280,000 Seals Sentenced to Death
by Alicia Graef
There’s been a lot of talk about Canada’s seal hunt this year, particularly about the European Union’s potential ban on seal products that would eliminate a huge market for seal products.
The European Parliament was scheduled to vote on April 1, but the vote’s been delayed until the first week in May. The bad news is this gives the sealing industry more time to spread their lame propaganda. The good news is this gives the world more time to put the pressure on efforts to stop the largest slaughter of marine mammals on earth.
Already, Spain along with the Netherlands, Ireland, France and Germany, among others, have voted to support the ban of seal products, along with Russia, which has also stepped up by banning the slaughter of seals less than a year old.
Along with declining pelt prices keeping sealers at home this year, now there’s even more good news. Last week a letter
from Obama’s days as a senator back in ’06 that condemns Canada’s seal hunt as inhumane, and calls to see the slaughter finished was unearthed. Although, no one seems ready to want to comment on what Obama’s actions as president will be yet, it’s still another tool in the arsenal against the hunt.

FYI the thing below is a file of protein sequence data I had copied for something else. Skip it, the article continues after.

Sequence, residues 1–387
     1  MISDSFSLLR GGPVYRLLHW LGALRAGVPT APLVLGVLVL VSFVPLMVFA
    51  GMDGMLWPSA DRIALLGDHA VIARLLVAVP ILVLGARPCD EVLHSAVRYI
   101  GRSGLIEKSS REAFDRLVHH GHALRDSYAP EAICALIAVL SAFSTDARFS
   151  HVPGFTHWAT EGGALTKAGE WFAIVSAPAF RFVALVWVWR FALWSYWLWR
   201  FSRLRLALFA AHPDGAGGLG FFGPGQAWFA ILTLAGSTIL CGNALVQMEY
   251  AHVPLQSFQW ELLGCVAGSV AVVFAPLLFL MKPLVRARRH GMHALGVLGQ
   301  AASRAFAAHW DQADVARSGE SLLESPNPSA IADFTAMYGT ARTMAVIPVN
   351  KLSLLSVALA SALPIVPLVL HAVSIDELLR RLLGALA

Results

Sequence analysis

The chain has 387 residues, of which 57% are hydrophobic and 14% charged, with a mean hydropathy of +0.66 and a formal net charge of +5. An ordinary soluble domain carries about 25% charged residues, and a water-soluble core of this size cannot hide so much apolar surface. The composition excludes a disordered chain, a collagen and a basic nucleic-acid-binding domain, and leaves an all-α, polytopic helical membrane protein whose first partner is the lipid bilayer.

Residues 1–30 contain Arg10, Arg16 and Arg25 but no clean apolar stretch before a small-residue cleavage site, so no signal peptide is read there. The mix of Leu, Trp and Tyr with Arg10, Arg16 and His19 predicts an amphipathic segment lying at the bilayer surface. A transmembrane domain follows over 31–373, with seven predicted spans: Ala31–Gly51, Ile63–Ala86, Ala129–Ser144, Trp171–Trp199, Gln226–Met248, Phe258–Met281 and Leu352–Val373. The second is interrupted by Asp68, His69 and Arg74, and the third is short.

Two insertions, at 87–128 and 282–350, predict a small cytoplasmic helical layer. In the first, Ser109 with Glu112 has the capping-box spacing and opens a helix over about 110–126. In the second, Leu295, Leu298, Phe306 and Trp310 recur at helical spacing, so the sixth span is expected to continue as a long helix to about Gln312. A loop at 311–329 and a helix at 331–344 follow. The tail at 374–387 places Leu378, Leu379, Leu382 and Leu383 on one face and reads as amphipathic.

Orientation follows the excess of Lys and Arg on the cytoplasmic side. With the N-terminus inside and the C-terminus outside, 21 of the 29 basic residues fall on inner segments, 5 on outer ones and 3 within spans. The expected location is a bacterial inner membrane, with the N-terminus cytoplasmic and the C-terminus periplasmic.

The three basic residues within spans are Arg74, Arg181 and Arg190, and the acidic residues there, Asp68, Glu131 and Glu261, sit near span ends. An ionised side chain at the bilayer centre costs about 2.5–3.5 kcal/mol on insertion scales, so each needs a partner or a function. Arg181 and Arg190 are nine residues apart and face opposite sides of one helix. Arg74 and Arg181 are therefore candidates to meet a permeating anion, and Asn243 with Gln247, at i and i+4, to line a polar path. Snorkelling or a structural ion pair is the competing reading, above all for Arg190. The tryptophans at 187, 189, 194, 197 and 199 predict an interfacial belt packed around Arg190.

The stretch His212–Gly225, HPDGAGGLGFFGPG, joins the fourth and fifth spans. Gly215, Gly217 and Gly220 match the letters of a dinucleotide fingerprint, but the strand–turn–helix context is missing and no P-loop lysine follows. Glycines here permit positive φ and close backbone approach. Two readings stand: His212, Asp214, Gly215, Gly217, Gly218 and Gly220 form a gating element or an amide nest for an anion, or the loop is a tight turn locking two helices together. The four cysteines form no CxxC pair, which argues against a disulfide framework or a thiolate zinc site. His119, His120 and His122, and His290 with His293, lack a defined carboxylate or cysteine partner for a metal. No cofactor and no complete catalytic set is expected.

The momentum against the hunt certainly seems to be growing. However, Canada continues to cling to its old ways defending the slaughter, along with raising the kill quota last week by 10,000 making the grand total 280,000, which also goes against scientific recommendations for Canada’s management plan.
It’s time for Canada to let go of this industry and, as Senator Mac Harb said, move the last of the sealers into jobs with a sustainable future. Let’s put an end to this barbaric slaughter once and for all.
Please take action!Sign a petition-you don't need to be living in America to sign this simple petitionSupport Canadian Senator Mac Harb's bill to end the slaughterAsk your US Senators to stop the largest slaughter of marine animals in the world by cosponsoring the Levin-Collins Canadian seal-hunt resolution